Modelling and Managing Flood Risk and Flooding

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Courtesy of Courtesy of Innovyze

The UK’s prestigious Royal Society recently held a discussion group on the subject of Flood Management and Climate Change. With much of the Northern Hemisphere approaching the winter flooding season, we spoke to Wallingford Software’s David Fortune to find out the role of modelling in flood forecasting and flood management. He set out his ideas as follows:

We must remember first that, while we might expect more flooding as our climate changes, it is not a simple matter to predict the extent of flooding. It’s not just a winter issue. There may be a higher frequency of sudden, intense summer storms, causing urban flooding, as well as a greater risk of sustained winter rain causing river basin flooding. The urban summer flooding is largely an issue for collection systems, while the winter rains give problems for managing river systems.

However, in both cases modelling of the system can help in risk assessment and in pointing to the key areas where additional capacity or control is best provided to reduce risk. And we are of course talking about reducing risk – not eliminating it.

The essence of modelling is being able to look at situations before they occur in reality. So modelling is an ideal approach to the examination of extreme conditions such as flooding. However, if the condition is off the scale of experience, what faith can you place in the model? How can you trust the model and its calibration?

The answer lies in the way the model works. If the model is based solely on observations of the inputs and outputs of the system under known conditions, and the results of extreme conditions are based simply on extrapolation of known conditions, there is no theoretical basis to validate the results. However, if the model represents the detailed hydrodynamic and hydrological processes that are at work throughout the system, then the results have a solid basis. Many of our models work at this detailed level, and our users therefore apply them confidently to the What If situations of evaluating and mitigating flood risks.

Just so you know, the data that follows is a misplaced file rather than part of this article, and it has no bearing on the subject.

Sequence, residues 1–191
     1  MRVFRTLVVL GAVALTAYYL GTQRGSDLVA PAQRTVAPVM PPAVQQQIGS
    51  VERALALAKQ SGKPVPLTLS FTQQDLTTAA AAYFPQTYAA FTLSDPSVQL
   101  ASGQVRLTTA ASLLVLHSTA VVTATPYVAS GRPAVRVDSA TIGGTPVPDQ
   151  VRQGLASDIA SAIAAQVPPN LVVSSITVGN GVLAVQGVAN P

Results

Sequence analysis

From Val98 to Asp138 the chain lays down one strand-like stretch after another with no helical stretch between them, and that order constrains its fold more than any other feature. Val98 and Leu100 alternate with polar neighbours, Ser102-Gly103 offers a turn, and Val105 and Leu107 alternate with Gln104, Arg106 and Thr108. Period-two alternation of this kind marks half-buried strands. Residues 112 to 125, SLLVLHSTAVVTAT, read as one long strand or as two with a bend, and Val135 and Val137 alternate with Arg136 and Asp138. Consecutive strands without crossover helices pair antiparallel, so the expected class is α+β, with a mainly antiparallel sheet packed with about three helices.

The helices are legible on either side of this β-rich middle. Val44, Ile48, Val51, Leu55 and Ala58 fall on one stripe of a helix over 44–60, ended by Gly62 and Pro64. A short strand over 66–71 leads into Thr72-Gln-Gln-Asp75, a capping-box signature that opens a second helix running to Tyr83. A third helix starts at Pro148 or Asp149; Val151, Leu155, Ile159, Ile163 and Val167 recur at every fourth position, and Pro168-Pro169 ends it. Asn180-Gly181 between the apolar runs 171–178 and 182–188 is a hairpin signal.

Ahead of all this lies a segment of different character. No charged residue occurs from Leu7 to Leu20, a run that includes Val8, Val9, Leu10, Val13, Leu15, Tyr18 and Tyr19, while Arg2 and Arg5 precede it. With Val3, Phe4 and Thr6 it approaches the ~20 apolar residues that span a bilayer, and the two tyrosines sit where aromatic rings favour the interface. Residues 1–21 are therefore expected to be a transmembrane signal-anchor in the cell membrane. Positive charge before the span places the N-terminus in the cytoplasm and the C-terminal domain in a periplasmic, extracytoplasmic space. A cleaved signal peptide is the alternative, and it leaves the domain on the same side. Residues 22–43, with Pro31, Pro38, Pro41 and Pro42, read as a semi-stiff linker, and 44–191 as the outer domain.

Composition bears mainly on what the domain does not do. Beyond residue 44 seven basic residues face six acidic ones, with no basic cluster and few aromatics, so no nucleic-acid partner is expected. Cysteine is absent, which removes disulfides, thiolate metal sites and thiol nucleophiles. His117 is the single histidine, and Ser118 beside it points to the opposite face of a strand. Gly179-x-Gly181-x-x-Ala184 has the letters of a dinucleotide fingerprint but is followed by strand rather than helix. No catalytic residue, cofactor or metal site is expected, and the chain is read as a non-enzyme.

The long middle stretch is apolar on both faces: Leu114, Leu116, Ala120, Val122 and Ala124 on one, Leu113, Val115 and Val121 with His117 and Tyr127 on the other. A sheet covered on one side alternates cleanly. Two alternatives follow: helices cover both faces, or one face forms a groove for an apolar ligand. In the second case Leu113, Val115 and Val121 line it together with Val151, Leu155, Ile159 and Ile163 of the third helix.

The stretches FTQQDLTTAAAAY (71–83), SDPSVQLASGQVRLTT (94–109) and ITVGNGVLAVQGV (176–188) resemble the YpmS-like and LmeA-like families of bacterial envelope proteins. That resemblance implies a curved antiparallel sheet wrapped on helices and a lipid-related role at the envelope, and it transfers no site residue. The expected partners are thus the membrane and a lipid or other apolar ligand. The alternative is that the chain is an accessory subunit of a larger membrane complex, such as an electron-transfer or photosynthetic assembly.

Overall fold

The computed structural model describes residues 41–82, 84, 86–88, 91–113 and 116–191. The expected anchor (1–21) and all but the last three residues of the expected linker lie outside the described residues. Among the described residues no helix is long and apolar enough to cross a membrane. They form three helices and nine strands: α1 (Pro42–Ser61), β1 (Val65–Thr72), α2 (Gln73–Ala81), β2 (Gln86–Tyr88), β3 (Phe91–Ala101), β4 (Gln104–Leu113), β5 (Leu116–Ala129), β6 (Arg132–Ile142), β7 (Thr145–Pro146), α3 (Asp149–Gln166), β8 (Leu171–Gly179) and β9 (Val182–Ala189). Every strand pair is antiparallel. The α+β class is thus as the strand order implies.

To help this process, work is ongoing here at HR Wallingford to work out procedures for calculating flood risk maps, to include the likelihood of flooding, the depth of flooding and the extent of damage that would be caused. It’s an important area for the future, and we’re very keen that what we come up with should be practical and not too onerous – it would be counterproductive to over-complicate the process. So in our InfoWorks modelling system we have pulled together a good user interface for engineering analysis, tools for efficient model building and inbuilt data management to make sure the procedures are accountable.

But it’s not all about planning. Models can also play a vital role in operations. We have a product called FloodWorks that runs models in the control room to forecast flooding incidents and to help manage under flood alert and flood conditions. Driven by live operational data and meteorological forecasts, the outputs provide real-time decision support to the control room staff as they manage a flood risk situation or an actual flood.

Finally, I hope that nothing I’ve said implies that considering flood risks is a one-off activity. A thorough approach to flood risk evaluation and flood management requires a long term approach. It’s never too late to look at flood risk, but it’s also true that it’s never too early to start planning.

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